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Apple announces big clean energy progress

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Climate change is real and a real problem for the world, Apple said on Monday, announcing its progress on environmental targets ahead of Earth Day.

The technology company, in a video narrated by CEO Tim Cook on its green initiatives and updated environment webpages, claimed that 94 percent of its corporate facilities and 100 percent of its data centers are now powered by renewable energy sources such as solar power.

Lisa Jackson, the former administrator of the U.S. Environmental Protection Agency and Apple's vice president for environmental initiatives, wrote in a letter: "We feel the responsibility to consider everything we do in order to reduce our impact on the environment. This means using greener materials and constantly inventing new ways to conserve precious resources."

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Tax meat to cut methane emissions, say scientists

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Meat should be taxed to encourage people to eat less of it, thus reducing the production of global warming gases from sheep, cattle, and goats, according to a group of scientists.

Several high-profile figures, from the chief of the U.N.'s climate science panel to the economist Lord Stern, have previously advocated eating less meat to tackle global warming.

The scientists' analysis, published in the journal Nature Climate Change, takes the contentious step of suggesting methane emissions be cut by pushing up the price of meat through a tax or emissions trading scheme.

Read more: Climate & Energy, Food

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David Attenborough: U.S. politicians duck climate change because of cost

One of the world's leading naturalists has accused U.S. politicians of ducking the issue of climate change because of the economic cost of tackling it and warned that it would take a terrible example of extreme weather to wake people up to the dangers of global warming.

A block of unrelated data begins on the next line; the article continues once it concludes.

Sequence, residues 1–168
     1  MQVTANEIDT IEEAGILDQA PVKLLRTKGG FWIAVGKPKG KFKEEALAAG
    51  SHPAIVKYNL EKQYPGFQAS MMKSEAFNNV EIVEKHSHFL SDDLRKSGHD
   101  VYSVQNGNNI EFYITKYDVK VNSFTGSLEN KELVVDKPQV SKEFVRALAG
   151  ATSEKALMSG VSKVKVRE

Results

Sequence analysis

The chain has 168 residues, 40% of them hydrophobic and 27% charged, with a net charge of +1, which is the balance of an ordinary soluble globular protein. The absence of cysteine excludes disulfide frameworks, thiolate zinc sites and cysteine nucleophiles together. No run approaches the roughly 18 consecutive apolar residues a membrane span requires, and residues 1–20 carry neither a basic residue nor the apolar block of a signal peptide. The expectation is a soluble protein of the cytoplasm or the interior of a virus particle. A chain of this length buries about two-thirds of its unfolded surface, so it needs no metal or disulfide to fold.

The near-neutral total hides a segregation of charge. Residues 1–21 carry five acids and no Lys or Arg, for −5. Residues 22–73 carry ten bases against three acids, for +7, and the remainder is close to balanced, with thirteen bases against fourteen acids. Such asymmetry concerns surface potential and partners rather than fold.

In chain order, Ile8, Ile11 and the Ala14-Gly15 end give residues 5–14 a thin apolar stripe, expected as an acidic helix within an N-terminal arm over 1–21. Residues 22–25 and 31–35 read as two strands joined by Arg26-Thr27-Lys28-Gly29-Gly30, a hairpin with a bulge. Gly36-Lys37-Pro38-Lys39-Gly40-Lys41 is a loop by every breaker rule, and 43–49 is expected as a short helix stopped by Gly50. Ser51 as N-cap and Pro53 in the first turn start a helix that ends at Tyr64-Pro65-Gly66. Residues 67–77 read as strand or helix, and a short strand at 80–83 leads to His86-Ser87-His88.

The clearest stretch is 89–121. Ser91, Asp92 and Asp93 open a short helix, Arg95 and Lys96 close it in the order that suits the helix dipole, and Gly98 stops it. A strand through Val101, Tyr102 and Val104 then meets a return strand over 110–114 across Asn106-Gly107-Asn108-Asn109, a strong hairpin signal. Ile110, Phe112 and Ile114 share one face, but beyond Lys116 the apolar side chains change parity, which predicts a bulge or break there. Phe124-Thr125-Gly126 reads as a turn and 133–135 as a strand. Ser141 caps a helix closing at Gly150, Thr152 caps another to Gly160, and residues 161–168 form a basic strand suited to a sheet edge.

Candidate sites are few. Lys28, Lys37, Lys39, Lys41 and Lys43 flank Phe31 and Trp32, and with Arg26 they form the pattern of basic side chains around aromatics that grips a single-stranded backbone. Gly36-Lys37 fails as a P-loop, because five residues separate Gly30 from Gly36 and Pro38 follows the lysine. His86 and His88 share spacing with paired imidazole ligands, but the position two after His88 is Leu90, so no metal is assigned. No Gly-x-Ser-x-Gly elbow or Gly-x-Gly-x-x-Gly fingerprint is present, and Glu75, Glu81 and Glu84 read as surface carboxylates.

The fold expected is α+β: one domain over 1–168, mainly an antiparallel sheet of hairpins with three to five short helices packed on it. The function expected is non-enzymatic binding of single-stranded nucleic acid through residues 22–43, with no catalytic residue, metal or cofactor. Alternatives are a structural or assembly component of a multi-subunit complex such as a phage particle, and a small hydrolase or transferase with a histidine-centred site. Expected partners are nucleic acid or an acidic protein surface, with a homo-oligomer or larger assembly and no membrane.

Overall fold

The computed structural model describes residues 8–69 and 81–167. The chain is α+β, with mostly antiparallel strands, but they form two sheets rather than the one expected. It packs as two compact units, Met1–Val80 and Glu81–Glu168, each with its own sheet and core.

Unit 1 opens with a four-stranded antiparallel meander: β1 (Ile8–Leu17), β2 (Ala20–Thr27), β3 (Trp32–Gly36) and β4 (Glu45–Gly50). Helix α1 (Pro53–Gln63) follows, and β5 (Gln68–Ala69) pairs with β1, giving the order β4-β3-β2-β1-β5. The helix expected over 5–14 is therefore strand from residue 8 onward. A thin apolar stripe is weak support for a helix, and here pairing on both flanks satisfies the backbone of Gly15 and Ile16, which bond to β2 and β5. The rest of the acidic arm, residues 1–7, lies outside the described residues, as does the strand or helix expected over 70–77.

Speaking just days after the subject of climate change failed to get a mention in the U.S. presidential debates for the first time in 24 years, Sir David Attenborough told the Guardian: "[It] does worry me that the most powerful nation in the world ... denies what the rest of us can see very clearly [on climate change]. I don't know what you do about that. It's easier to deny."

Asked what was needed to wake people up, the veteran broadcaster famous for series such as Life and Planet Earth said: "Disaster. It's a terrible thing to say, isn't it? Even disaster doesn't do it. There have been disasters in North America, with hurricanes and floods, yet still people deny and say 'oh, it has nothing to do with climate change.' It visibly has got [something] to do with climate change."

But some U.S. politicians found it easier to deny the science on climate change than take action, he said, because the consequence of recognizing the science on human-made climate change "means a huge section from the national budget will be spent in order to deal with it; plenty of politicians will be happy to say 'don't worry about that, we're not going to increase your taxes.'"

Neither Barack Obama or Mitt Romney mentioned climate change in three TV debates, despite a summer of record temperatures and historic drought in the U.S.